An Open Letter to Anyone Working with an Assistant

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There has never been a more difficult time to be a business leader.

In these unprecedented times, most of you are in uncharted territory, trying to work it out as you go along.  You’re reinventing strategy on the fly and in some cases you are fighting for your business’s survival. And you may be doing all of this from home. It’s stressful, all encompassing, chaotic and for some the outcome will be catastrophic. There are simply not enough hours in the day.

Meanwhile, in many cases, your assistant is also sitting at home. Many are floundering, willing and able to help but unsure how to ask without seeming to be getting ‘above themselves’.  I have spent much of the last three weeks encouraging them to come up with a list of things they feel that they can bring to the table in this crisis, and to speak up. But they need you to listen.

Let me tell you about your assistant.

Have you ever thought about why the business employs an assistant to support you?

The days of an assistant being a status symbol, doing a little gentle calendar management, making tea for meetings and filing are long gone. These days they are more likely to be found knee-deep in project management and compiling briefing documents.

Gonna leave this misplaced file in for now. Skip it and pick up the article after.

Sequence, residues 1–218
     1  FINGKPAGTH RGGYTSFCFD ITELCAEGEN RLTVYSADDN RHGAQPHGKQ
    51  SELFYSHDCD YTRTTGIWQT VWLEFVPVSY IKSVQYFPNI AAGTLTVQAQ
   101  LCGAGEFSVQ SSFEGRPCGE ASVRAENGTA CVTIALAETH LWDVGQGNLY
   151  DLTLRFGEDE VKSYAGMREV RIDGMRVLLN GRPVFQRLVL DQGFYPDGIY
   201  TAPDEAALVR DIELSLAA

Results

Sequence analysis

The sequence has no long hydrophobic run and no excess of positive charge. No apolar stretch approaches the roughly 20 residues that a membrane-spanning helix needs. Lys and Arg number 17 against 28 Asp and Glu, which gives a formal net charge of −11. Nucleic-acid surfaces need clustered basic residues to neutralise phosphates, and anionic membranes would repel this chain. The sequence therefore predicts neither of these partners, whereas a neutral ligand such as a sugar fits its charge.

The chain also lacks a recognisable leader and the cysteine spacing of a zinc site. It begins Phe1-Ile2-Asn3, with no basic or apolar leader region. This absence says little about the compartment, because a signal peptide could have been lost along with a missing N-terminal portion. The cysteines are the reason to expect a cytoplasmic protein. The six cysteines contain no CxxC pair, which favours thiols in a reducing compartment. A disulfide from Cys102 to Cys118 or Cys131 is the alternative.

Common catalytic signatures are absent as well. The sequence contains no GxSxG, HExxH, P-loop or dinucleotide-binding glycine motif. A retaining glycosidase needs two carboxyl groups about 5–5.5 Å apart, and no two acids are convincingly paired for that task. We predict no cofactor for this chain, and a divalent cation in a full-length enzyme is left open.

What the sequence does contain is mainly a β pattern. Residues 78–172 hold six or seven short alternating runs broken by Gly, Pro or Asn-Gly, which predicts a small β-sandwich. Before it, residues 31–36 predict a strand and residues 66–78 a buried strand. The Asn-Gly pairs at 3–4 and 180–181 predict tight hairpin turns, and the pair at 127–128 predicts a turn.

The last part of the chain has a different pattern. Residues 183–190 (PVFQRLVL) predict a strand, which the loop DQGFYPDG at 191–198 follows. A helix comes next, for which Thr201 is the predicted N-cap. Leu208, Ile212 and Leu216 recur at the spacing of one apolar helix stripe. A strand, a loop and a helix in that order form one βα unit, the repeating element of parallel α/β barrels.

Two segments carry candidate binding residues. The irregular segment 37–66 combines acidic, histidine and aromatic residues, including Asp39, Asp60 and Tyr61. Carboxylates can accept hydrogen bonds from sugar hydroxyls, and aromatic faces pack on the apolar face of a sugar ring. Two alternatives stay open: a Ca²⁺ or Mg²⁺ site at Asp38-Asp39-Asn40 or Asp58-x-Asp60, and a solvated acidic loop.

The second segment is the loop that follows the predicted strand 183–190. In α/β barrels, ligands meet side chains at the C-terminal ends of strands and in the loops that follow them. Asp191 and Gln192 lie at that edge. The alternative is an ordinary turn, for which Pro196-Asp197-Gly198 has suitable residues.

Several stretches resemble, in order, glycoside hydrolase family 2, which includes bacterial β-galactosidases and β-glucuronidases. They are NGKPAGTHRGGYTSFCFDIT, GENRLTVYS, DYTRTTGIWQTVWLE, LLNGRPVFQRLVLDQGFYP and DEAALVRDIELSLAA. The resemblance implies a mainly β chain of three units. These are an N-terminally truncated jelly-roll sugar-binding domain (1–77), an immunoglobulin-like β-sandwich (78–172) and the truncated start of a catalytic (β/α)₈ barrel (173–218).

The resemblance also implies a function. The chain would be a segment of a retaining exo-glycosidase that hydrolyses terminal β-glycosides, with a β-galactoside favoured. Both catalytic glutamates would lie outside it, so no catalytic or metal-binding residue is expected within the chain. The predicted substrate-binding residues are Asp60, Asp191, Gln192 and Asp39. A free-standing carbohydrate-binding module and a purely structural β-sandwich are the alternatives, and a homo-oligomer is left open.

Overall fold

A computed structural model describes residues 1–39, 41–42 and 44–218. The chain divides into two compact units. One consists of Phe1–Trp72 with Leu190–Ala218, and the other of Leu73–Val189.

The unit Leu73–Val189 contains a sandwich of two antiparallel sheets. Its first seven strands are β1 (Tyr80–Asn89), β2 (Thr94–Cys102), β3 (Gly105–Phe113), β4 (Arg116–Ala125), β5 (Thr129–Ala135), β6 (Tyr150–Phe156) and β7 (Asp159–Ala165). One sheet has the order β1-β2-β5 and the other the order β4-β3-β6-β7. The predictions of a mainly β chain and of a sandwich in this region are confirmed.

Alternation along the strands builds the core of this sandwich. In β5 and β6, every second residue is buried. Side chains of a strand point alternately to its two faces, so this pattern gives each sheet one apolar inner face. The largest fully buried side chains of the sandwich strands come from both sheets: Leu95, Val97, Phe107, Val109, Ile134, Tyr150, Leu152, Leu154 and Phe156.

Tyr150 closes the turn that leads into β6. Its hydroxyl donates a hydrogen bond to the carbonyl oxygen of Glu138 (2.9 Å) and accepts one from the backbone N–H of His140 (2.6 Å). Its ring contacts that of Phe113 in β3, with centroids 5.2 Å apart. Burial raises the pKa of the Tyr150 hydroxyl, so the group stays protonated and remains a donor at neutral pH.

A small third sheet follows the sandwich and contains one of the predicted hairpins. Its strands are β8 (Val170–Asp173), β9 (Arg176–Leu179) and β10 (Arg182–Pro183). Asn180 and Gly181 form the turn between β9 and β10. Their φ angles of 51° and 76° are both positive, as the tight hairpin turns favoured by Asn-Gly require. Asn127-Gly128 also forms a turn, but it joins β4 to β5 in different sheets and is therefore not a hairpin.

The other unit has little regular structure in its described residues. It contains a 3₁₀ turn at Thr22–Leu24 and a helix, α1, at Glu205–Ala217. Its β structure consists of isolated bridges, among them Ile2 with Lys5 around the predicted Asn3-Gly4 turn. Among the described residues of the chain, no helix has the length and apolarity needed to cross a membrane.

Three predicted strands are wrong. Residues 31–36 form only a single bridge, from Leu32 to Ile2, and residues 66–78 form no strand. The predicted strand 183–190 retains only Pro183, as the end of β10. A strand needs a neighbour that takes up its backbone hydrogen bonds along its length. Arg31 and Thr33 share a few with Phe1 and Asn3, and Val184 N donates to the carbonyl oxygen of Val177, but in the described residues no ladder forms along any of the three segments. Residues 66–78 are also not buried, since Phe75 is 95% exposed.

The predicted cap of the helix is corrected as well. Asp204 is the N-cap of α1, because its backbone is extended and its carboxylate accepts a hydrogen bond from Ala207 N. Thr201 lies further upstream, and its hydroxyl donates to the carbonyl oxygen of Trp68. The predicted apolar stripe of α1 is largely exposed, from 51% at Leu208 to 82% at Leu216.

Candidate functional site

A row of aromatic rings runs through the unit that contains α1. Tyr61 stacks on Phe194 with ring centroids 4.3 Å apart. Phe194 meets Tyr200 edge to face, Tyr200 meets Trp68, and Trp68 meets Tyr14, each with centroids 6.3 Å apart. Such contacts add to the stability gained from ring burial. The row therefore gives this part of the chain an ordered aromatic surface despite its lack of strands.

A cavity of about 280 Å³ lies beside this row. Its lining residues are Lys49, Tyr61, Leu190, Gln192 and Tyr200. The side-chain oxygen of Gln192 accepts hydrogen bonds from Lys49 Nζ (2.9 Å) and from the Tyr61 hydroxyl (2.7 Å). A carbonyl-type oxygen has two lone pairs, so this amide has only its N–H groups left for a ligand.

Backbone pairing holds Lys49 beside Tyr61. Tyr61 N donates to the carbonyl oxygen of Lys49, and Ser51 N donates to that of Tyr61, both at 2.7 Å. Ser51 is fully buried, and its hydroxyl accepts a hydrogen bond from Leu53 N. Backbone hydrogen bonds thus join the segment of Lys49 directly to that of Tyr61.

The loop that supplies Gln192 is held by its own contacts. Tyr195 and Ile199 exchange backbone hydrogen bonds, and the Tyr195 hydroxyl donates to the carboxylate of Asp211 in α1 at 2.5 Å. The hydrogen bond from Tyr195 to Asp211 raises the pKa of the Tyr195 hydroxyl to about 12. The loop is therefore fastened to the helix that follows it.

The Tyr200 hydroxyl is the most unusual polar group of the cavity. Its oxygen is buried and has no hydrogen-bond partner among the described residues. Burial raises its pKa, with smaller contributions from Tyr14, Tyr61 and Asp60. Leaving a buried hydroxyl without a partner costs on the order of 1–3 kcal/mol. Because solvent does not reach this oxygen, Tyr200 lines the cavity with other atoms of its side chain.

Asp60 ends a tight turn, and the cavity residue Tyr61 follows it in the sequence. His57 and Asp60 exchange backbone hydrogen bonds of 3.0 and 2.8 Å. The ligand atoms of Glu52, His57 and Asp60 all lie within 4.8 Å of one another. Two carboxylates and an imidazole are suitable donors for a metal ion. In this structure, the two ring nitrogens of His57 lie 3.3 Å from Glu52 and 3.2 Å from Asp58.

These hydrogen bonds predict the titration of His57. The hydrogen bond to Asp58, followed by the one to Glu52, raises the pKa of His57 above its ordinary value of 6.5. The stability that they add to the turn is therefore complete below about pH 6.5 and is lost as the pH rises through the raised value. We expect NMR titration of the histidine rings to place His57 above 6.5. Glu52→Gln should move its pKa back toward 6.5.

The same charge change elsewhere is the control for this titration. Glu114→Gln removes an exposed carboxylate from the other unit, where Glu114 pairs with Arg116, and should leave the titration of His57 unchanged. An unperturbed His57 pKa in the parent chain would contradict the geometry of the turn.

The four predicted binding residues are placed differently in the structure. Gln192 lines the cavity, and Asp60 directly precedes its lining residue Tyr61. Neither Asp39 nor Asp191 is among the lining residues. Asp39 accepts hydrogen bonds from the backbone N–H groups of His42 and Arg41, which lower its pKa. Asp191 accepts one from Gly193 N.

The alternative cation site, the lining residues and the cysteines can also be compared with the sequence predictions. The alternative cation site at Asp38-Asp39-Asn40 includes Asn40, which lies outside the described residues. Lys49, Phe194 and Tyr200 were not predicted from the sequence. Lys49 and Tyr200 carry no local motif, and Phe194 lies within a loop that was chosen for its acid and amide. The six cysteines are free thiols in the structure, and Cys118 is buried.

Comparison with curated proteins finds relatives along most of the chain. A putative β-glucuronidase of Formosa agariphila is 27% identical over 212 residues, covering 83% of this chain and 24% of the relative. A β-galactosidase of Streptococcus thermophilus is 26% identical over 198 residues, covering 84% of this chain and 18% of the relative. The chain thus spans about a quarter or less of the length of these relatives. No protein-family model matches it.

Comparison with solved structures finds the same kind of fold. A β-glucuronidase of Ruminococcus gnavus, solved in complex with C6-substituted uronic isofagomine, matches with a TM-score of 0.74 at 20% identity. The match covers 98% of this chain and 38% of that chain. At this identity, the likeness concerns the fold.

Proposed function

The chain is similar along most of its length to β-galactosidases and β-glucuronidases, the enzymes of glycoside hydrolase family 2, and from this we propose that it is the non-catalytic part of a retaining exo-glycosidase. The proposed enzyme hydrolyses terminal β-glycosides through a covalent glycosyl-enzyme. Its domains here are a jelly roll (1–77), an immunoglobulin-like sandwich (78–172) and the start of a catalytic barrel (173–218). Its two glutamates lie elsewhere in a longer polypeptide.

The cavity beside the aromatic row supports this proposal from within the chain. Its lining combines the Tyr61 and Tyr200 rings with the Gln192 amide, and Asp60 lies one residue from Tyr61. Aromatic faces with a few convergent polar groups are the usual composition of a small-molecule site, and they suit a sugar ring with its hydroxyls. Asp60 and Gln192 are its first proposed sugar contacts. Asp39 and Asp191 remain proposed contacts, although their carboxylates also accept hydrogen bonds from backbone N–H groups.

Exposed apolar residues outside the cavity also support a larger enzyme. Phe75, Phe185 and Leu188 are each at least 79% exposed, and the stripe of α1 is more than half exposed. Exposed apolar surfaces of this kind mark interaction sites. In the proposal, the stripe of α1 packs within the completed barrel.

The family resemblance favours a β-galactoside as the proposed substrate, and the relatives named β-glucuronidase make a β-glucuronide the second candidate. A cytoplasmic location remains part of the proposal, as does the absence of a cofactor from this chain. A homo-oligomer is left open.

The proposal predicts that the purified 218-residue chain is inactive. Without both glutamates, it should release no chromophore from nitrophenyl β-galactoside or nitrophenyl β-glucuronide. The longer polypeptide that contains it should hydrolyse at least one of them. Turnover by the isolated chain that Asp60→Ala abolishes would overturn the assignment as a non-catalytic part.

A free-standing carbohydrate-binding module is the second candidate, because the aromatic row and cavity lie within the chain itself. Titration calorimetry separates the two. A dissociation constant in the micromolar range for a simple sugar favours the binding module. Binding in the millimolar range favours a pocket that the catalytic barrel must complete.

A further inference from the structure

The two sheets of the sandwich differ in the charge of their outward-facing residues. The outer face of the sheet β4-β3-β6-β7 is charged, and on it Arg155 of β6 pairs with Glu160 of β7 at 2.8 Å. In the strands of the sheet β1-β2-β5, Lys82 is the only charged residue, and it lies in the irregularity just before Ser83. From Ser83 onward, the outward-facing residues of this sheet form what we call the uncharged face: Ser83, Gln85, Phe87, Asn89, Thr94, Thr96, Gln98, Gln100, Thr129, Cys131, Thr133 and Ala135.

They are employed to give you back your time.

For ten years I have been teaching administrative professionals all over the world how to find their voices, to be proactive and to work with their executives in proper strategic partnerships so that their skillsets underpin what their executives are trying to achieve.

The skillsets of an executive and an assistant are totally different and the current pandemic highlights this. Crises are complex and require executives to both lead urgent change and manage effectively. You need to make immediate choices and allocate resources. The pace is fast, and decisive action is needed. Whilst an executive will be looking at the big picture stuff, driving everyone forward, making decisions and giving direction, the assistant tames chaos by doing the detail. They put procedures and processes into place to ensure that the executive’s ideas have structure and can be implemented step by step. They are expert at doing data analysis, background research, and writing briefing documents, freeing up your time to do the things that you are exceptional at.

Used correctly an assistant can become source of much needed calm.